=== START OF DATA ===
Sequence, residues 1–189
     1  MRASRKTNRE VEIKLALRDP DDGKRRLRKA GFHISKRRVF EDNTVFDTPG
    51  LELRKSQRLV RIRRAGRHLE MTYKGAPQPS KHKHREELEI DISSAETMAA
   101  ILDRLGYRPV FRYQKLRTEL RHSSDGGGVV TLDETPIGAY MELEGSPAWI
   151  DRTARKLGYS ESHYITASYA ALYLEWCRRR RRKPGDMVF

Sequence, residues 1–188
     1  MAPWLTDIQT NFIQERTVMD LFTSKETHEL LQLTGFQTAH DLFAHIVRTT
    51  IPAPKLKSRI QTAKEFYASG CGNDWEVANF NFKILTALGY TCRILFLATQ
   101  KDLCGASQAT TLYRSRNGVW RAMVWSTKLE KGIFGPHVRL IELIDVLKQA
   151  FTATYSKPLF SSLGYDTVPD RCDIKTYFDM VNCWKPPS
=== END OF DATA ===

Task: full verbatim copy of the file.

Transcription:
Sequence, residues 1–189
     1  MRASRKTNRE VEIKLALRDP DDGKRRLRKA GFHISKRRVF EDNTVFDTPG
    51  LELRKSQRLV RIRRAGRHLE MTYKGAPQPS KHKHREELEI DISSAETMAA
   101  ILDRLGYRPV FRYQKLRTEL RHSSDGGGVV TLDETPIGAY MELEGSPAWI
   151  DRTARKLGYS ESHYITASYA ALYLEWCRRR RRKPGDMVF

Sequence, residues 1–188
     1  MAPWLTDIQT NFIQERTVMD LFTSKETHEL LQLTGFQTAH DLFAHIVRTT
    51  IPAPKLKSRI QTAKEFYASG CGNDWEVANF NFKILTALGY TCRILFLATQ
   101  KDLCGASQAT TLYRSRNGVW RAMVWSTKLE KGIFGPHVRL IELIDVLKQA
   151  FTATYSKPLF SSLGYDTVPD RCDIKTYFDM VNCWKPPS